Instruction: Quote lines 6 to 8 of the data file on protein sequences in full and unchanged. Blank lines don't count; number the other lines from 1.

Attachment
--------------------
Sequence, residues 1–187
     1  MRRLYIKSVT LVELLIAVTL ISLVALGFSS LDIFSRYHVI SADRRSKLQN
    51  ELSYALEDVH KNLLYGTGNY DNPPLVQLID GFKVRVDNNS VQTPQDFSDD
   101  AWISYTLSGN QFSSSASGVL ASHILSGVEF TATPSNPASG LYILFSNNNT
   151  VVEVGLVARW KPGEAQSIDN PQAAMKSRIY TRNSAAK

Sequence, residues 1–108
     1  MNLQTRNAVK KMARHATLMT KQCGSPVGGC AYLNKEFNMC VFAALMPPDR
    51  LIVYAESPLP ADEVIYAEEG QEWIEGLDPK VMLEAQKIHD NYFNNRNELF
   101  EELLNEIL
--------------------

Sequence, residues 1–108
     1  MNLQTRNAVK KMARHATLMT KQCGSPVGGC AYLNKEFNMC VFAALMPPDR
    51  LIVYAESPLP ADEVIYAEEG QEWIEGLDPK VMLEAQKIHD NYFNNRNELF